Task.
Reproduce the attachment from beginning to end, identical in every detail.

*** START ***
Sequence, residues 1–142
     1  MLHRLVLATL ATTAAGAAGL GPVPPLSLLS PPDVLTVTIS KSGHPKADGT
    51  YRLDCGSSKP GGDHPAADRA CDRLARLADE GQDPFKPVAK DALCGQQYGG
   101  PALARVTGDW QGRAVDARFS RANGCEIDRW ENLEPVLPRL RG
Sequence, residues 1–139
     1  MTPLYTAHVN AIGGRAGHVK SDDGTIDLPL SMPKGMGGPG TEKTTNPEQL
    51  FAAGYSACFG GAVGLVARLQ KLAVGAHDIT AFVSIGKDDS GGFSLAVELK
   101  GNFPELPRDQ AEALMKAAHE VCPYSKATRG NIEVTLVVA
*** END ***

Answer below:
Sequence, residues 1–142
     1  MLHRLVLATL ATTAAGAAGL GPVPPLSLLS PPDVLTVTIS KSGHPKADGT
    51  YRLDCGSSKP GGDHPAADRA CDRLARLADE GQDPFKPVAK DALCGQQYGG
   101  PALARVTGDW QGRAVDARFS RANGCEIDRW ENLEPVLPRL RG
Sequence, residues 1–139
     1  MTPLYTAHVN AIGGRAGHVK SDDGTIDLPL SMPKGMGGPG TEKTTNPEQL
    51  FAAGYSACFG GAVGLVARLQ KLAVGAHDIT AFVSIGKDDS GGFSLAVELK
   101  GNFPELPRDQ AEALMKAAHE VCPYSKATRG NIEVTLVVA